We all get inundated with pairings for classic dishes like ham and turkey every time a holiday rolls around and it starts to feel a little stale. That's why I liked Kurtis' post last week—he takes on the common party fare. I've been tasked with the final Pair It Up before the holidays and I also wanted to have a little fun with it. I've decided to lay out a smorgasbord of the kinds of dishes you're likely to encounter on dinner tables over the next few weeks and find a wine or two that should pair nicely.
While scouring online recipes for the holidays, I came across Food & Wine Magazine's 7 Show Stopping Prime Rib Recipes. While pairing wine with prime rib won't win me any points for originality, one recipe jumped out at me as potentially being one of the best imaginable partners for South Okanagan Syrah. Syrah has really found a home in certain parts of the Okanagan—as they tend to in France, the wines flaunt very aromatic black pepper notes, they can also take on a very fragrant sage character, an aroma that some winemakers will tell you comes from the South Okanagan terroir. So, how about Salt and Pepper Crusted Prime Rib with Sage Jus? Check out Le Vieux Pin 2012 Syrah, Laughing Stock 2013 Syrah, or Moon Curser 2012 Contraband Syrah.
My grandparents' answer to Brussels sprouts was to boil them until they lost their crunch and took on a rubbery flavour. It was no wonder why a whole generation of my extended family hated them so much. Recently, we started sautéing up Mark Bittman's Brussels Sprouts with Bacon and Figs and it's become one of the fastest disappearing dishes on the table. For something new, I liked the look of another New York Times recipe: Sautéed Brussels Sprouts and Apple With Prosciutto. Green vegetables can be a bit tricky sometimes, but try a grassy white like Sauvignon Blanc—something a bit juicier to handle the apples and pork. Try Clos du Soleil 2013 Capella, or venture into Pinot Blanc territory with Konzelmann 2013 Pinot Blanc.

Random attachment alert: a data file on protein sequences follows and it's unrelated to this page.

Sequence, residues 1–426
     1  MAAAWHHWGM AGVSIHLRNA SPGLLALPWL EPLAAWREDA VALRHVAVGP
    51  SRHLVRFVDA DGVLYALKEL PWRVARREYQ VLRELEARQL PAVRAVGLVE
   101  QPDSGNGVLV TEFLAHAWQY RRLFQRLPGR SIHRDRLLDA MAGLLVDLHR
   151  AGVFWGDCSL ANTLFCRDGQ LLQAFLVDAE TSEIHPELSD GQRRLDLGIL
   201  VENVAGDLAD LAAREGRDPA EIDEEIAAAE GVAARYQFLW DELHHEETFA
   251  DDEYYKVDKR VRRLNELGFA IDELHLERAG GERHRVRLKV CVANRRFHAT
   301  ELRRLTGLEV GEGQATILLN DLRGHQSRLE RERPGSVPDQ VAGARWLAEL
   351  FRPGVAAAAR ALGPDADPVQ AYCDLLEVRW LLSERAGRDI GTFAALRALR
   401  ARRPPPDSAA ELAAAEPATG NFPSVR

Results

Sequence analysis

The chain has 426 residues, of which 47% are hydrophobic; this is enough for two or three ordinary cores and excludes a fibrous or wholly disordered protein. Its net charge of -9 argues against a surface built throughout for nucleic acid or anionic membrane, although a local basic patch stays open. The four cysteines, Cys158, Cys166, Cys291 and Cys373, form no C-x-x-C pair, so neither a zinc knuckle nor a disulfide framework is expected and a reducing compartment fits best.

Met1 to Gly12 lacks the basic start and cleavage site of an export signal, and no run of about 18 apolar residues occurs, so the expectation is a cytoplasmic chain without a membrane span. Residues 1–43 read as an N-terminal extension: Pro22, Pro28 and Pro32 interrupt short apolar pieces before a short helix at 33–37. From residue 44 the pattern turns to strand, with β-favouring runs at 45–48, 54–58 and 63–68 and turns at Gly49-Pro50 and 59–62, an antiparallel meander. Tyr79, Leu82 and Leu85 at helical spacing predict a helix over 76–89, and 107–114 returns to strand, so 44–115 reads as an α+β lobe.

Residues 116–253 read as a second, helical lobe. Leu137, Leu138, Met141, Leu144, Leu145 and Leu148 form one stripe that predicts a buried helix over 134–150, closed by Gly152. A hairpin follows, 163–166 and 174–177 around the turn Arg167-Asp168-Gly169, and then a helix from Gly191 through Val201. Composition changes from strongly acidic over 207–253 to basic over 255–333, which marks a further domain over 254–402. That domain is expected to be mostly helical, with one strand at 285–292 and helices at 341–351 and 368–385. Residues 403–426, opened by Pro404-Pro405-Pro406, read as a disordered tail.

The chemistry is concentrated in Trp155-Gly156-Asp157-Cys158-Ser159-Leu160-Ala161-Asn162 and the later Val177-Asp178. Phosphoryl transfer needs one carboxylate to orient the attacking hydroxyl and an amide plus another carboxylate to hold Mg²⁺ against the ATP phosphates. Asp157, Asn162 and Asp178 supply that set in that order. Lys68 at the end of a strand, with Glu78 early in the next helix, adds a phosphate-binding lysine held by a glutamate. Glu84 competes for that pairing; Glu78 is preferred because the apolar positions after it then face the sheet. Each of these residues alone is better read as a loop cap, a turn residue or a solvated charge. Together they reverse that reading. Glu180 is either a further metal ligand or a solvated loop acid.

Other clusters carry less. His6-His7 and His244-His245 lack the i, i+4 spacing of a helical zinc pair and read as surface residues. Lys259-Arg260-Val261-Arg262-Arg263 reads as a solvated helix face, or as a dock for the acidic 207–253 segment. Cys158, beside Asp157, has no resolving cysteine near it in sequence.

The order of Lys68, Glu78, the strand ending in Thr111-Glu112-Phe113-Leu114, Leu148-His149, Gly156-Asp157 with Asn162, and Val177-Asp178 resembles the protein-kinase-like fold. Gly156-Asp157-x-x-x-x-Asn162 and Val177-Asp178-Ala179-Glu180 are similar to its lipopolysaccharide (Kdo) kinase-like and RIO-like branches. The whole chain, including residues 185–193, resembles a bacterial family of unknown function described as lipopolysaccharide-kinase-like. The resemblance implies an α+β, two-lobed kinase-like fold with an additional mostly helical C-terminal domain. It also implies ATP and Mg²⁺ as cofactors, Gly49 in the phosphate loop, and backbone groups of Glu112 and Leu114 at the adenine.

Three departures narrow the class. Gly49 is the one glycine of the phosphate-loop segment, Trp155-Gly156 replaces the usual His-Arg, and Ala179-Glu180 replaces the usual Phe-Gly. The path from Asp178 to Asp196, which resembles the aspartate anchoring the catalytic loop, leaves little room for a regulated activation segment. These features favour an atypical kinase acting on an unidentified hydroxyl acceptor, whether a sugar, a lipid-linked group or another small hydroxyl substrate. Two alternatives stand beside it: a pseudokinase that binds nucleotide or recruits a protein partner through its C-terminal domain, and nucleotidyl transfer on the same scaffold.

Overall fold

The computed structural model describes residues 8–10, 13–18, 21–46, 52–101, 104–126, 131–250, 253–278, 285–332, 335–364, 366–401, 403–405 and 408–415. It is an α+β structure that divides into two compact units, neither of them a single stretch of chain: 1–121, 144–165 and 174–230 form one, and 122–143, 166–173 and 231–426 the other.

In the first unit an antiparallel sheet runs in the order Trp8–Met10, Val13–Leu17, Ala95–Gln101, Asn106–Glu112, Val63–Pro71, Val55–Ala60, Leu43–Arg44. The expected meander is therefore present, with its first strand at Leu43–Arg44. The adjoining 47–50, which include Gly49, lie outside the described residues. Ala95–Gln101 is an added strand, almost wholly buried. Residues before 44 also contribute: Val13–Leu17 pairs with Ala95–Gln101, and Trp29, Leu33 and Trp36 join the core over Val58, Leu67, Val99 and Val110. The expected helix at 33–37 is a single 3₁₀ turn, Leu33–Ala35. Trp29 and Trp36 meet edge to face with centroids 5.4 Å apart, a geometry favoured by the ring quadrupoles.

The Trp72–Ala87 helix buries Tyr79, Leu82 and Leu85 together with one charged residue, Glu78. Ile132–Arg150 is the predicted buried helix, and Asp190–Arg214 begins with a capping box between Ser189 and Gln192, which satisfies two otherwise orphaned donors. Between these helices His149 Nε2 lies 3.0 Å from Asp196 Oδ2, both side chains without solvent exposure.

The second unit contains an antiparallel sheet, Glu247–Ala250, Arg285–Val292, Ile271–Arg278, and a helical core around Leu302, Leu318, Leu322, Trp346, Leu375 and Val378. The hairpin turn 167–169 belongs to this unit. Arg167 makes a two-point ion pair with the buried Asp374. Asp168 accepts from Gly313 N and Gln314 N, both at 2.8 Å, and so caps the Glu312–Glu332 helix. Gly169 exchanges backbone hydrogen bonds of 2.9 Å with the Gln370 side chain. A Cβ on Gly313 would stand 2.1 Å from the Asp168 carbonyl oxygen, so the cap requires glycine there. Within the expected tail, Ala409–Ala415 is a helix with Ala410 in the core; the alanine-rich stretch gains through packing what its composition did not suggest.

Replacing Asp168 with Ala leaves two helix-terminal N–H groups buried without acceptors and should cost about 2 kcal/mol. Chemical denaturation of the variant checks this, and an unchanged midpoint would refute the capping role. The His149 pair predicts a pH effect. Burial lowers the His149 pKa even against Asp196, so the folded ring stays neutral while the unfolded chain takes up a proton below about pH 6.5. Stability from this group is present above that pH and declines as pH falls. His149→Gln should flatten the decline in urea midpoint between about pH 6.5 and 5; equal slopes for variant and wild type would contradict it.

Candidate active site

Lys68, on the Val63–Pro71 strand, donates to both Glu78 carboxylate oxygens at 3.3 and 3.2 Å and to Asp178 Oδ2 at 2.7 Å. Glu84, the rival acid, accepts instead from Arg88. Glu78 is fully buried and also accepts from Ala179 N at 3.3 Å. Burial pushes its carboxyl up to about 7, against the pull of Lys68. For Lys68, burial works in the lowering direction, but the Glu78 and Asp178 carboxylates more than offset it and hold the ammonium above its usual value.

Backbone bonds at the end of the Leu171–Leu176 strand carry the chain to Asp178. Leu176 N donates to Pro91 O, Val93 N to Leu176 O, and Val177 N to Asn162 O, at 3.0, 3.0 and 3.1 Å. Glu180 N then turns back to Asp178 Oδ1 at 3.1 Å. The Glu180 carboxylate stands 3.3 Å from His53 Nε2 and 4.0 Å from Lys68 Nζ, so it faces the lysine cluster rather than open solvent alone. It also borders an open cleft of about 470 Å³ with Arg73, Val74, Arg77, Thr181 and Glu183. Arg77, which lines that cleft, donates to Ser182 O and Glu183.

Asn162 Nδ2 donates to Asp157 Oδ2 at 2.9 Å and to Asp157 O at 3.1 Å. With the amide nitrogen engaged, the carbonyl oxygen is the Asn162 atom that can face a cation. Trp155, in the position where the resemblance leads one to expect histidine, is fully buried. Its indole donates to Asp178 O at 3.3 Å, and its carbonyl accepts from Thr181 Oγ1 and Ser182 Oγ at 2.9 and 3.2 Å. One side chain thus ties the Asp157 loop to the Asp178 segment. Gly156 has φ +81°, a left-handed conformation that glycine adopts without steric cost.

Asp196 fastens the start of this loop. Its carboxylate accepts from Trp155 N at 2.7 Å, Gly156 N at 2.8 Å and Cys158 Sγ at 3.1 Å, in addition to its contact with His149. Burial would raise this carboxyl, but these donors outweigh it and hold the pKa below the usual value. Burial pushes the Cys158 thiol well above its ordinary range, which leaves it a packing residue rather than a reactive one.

I recently stumbled upon Western Living Magazine's rules for How to Create the Ideal Cheese Plate for a Party. Cheese plates are one of the ultimate entertaining platters during the holidays and Janice Beaton has very wisely chosen Champagne as a pairing partner. It gets challenging when you have a range of cheese styles and only one wine, but I also really like Amontillado, or a nutty sherry with a touch of sweetness. Gewürztraminers like the Trail Estate 2013 Reserve Gewürztraminer or Thornhaven 2014 Gewurztraminer will also do the trick. And for something off-the-beaten-track, try a craft cider like Coteau Rougemont Rose Framboise.
In a jumble of holiday recipes from Food & Wine Magazine, I found the very simple, yet delicious recipe for Doughnuts in Cardamom Syrup. The fried dough is a perfect vehicle for light flavours of lemon, almonds, rose water, and cardamom. For me, this dessert screams for Moscato d'Asti—something slightly sweet and sparkling with many complementary flavours. Also, try Benjamin Bridge 2013 Nova 7.
Nanaimo Bars are one of the baked goods that I'll probably find myself eating several of over the next few weeks. The ultimate pairing for Nanaimo Bars is probably a dark cup of black coffee, but why not a regional pairing like Unsworth Vineyards' Ovation? Marechal Foch made in a solera system. Also, try the delightful Elephant Island Stellaport.
Jake Skakun is a writer and sommelier from Vancouver, currently living in Toronto. He can be found most days pulling corks and twisting caps at the Black Hoof. He Tweets and Instagrams @jakeskakun.